March 4, a Northern Illinois Building Contractors Association (NIBCA) grievance hearing determined, “We find that C.C.S. Construction, LLC is currently operating as Comprehensive Community Solutions, Inc., a/k/a CCS, Inc. and that Comprehensive Community Solutions, Inc. is bound to the Collective Bargaining Agreement between the Chicago Regional Council of Carpenters Local 792 and the Northern Illinois Building Contractors Association.”
The ruling further found that the work performed at the site is within Carpenters Local 792’s jurisdiction, alleging CCS is in violation of the collective bargaining agreement “by failing to pay the proper wages and premiums.”
“There’s three entities: CCS [Construction], LLC; CCS, Inc. and YouthBuild…and we think they’re all tied in as one,” Long asserted. “They say they’re two different companies, two different names, but there’s ways you can tie two different companies in together various ways. One of which was a check stub from a guy that, he got a check stub saying one company name, and a W-2 at the end of the year saying the other company name. They’ve obviously tied in the same company.”
The $48,785.76 grievance was sustained by NIBCA’s Joint Grievance Committee, and the complaint was swiftly filed in district court in the hope a judge would order payment by CCS.
According to Carpenters Local 792 attorney Raymond Sanguinetti, the collective bargaining agreement binds CCS to pay prevailing wages for the deconstruction project, and that CCS is subject to the grievance process.
“They filed a grievance against CCS Construction, LLC, a company which went out of business last July and is in bankruptcy,” he noted. “And they are somehow trying to say that Comprehensive Community Solutions, by fiat, or by something, has become CCS Construction and is therefore subject to a union contract, and therefore subject to this $48,000 judgment, which is absolutely ludicrous.”
Knodle said the grievance was addressed to CCS Construction and sent to the Hines Lumber site. A notice indicating a change of the hearing date was received the same day as the results of said hearing, Knodle reported.
“Nobody was ever present at the grievance hearing, except the carpenters and the NIBCA people,” he explained. “They made this incredible leap to say, ‘Well, this company that we had a union contract with is now doing business as another company,’ which isn’t true. In less than a week, before we even had a chance to respond to it, they filed a federal lawsuit.”
Knodle indicated that other areas, including the City of Chicago, have begun deconstruction programs for disadvantaged jobseekers, noting the city even has an ordinance requiring that 50 percent of the debris from demolitions must be salvaged for recycling or reuse.
Knodle said he’s unaware of union complaints in response to Chicago’s deconstruction program, but turned his attention even closer to home.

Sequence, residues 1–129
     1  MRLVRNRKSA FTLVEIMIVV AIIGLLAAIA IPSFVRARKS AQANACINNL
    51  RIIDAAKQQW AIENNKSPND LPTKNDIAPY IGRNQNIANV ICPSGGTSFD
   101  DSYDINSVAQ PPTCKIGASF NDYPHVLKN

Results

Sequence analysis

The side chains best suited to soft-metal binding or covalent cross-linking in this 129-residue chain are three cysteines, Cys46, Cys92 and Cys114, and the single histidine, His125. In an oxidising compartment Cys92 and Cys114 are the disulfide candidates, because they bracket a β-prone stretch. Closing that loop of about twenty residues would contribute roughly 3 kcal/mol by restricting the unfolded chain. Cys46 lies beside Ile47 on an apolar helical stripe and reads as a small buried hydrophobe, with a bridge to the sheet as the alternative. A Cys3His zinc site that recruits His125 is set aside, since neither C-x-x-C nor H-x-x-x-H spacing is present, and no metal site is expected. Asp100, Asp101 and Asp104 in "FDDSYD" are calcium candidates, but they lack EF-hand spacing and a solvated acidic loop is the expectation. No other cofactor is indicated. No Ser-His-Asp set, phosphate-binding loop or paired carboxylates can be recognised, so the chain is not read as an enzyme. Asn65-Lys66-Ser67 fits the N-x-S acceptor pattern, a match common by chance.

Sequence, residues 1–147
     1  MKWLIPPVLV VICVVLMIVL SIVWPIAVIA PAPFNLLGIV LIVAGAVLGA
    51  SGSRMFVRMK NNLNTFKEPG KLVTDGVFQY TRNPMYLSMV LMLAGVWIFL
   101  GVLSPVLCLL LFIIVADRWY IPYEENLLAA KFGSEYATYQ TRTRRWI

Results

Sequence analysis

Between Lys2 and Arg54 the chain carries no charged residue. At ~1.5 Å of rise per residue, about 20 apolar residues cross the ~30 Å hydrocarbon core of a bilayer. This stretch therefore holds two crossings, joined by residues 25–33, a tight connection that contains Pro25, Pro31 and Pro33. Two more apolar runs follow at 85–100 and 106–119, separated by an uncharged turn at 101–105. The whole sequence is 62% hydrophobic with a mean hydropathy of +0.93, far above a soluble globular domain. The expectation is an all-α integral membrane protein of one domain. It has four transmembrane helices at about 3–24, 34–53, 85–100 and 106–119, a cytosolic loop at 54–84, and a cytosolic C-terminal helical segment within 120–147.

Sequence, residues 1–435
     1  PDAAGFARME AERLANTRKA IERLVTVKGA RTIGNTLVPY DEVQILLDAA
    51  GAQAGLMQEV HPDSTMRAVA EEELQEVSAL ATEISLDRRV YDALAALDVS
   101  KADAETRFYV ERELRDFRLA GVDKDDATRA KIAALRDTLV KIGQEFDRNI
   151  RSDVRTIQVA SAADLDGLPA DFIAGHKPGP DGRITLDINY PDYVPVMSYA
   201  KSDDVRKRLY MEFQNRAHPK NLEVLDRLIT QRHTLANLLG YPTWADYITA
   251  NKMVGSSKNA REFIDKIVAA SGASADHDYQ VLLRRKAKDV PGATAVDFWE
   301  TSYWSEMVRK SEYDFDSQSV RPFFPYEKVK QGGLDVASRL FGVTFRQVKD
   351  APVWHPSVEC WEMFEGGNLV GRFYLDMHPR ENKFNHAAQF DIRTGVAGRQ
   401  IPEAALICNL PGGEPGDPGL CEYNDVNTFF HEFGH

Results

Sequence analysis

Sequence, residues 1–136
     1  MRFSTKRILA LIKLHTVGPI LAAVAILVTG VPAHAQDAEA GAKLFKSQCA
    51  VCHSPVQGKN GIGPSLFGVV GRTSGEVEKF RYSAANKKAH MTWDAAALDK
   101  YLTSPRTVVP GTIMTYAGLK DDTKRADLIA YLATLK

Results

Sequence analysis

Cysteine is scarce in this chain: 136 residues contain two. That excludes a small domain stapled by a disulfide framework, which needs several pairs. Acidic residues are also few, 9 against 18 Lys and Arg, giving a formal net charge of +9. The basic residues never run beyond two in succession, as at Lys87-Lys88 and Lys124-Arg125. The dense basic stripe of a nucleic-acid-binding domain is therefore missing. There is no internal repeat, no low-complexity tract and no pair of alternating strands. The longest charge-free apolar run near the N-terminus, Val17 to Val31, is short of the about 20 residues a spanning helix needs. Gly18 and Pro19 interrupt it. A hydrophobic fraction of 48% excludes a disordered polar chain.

“Interestingly, the Pump Handle [Inn] [deconstruction] project is going on. I don’t see the carpenters raising any stink about that,” he asserted.
Knodle argued deconstruction projects simply become unfeasible financially when prevailing wage laws are applied.
“The prevailing wage for a carpenter in Winnebago County is something like $54-an-hour, and so it would make it virtually impossible to do deconstruction,” he said.
Long, however, thinks there’s room for compromise when it comes to the cost disparity. He said the union would be willing to create a new classification at a lower labor rate, while still ensuring proper training and supervision for the YouthBuild graduates.
“My door is open with the municipality, or CCS or YouthBuild, or anybody, to talk and try to come to some sort of resolution on this,” Long noted. “It’s not like they’re coming up against a stone wall that just won’t move or bend, or work with somebody, because that’s just not the case.”
Meantime, extension of the $19,000 20-day contract in Loves Park is on hold until a decision is rendered in federal court, or clarification from the Department of Labor is obtained, regarding the prevailing wage debate.
A resolution to the dispute could set an important precedent as deconstruction becomes more popular, and as CCS negotiates potential deconstruction of flooded homes along Keith Creek with the City of Rockford.
Bill Howard, project manager for the deconstruction program, met with union representatives March 19 in an effort to reach some sort of agreement.
“No dice,” Howard reported after the meeting, indicating the union plans to proceed with its federal lawsuit.
Knodle, meantime, said he’s disappointed the union doesn’t appear open to further discussion.
“Since this is new and it’s subject to a change in the law, it would have been my desire that some dialogue took place on it. Obviously, Loves Park chose the path they wanted to go on it, and it’s just unfortunate that this type of thing has to turn into some sort of an adversarial relationship,” Knodle concluded. “It’s just unfortunate that there couldn’t have been some productive dialogue before this thing turned into a big legal battle. Now, unless they choose to stop the presses on this thing long enough to figure it out, we’re going to be forced to go out and hire attorneys and go to battle in federal court.”
From the March 24-30, 2010 issue